Serena Williams Talks ‘Intense’ Training, Social Media Absence And Olympics Ahead Of Rome Return - UBITENNIS
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Serena Williams Talks ‘Intense’ Training, Social Media Absence And Olympics Ahead Of Rome Return

The former world No.1 speaks out about her recent time away from the Tour and hints she may not play a big tennis tournament later in the season.

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September 10, 2020 - Serena Williams in action against Victoria Azarenka during a women's singles match at the 2020 US Open. (Photo by Simon Bruty/USTA)

After almost three months away from the spotlight Serena Williams is tuning up her game ahead of her return to the Tour in Rome later this week.

 

The 23-time Grand Slam champion hasn’t played a Tour match since her semi-final loss to Naomi Osaka at the Australian Open. It was during that same time where once again questions started to rise over the future of the 39-year-old and when she may decide to step away from the sport permanently.

However, retirement appears to be the last thing on Williams’ mind as she switches her focus to the European clay. She hasn’t played on the surface since last year’s French Open where she was forced to withdraw after winning her opening match due to injury. Despite her lack of match play in recent time, the American insists that she is ready for the challenge.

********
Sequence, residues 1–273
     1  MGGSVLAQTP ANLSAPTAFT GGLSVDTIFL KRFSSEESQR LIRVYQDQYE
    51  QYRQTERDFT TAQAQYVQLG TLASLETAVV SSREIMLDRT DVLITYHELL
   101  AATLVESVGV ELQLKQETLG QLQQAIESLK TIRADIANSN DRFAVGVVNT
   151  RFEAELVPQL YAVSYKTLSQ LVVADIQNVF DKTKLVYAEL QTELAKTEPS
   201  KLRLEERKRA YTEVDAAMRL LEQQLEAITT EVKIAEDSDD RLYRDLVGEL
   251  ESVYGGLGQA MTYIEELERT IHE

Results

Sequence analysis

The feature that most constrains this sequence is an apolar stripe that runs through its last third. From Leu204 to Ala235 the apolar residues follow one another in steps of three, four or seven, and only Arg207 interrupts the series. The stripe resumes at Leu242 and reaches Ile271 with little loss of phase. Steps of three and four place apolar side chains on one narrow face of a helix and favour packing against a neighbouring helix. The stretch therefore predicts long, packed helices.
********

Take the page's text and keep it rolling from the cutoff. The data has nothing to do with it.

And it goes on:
I trained for the past two-and-a-half weeks at (coach) Patrick’s (Mouratoglou) academy, and then training a lot on the clay in the United States with team members,” Williams told reporters on Monday. “We had an intense several weeks of training,very intense.”

Unlike some of her peers, Williams is at times hesitant to post updates on her social media accounts about her training routines. Something that baffles some considering she has a following of more than 13 million on Instagram and 10 million on Twitter. However, the former world No.1 has her own personal reason for not doing so.

“I really try not to get too involved in what people say about me because I feel like it can make you nuts” she said.
“Whether it’s good or bad. I don’t really try to think too much of myself in that way at all. I think that’s one thing I’m really good at is just to not really even engage so much.’
“I don’t show what I do. I don’t always show my cards but I feel like for the most part I just never ever pay attention (to what is being said), which is good.”


A three-time French Open champion, this week Williams is seeking her first WTA trophy on the clay since 2016 when she triumphed in Rome. Overall, 13 out of her 73 WTA titles have been won on the surface.

Olympics in doubt